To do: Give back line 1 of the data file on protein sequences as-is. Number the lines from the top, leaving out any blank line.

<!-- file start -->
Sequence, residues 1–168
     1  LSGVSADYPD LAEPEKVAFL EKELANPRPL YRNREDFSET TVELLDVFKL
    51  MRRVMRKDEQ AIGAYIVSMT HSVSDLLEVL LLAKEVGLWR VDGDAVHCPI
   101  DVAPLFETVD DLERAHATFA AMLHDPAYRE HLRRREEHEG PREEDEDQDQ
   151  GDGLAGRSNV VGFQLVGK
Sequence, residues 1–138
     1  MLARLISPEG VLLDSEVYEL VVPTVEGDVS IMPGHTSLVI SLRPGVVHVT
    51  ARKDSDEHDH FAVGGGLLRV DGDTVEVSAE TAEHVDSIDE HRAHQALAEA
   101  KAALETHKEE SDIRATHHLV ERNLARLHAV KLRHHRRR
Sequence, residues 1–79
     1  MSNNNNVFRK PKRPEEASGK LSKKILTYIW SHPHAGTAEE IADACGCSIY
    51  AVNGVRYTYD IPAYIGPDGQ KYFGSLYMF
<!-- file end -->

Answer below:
Sequence, residues 1–168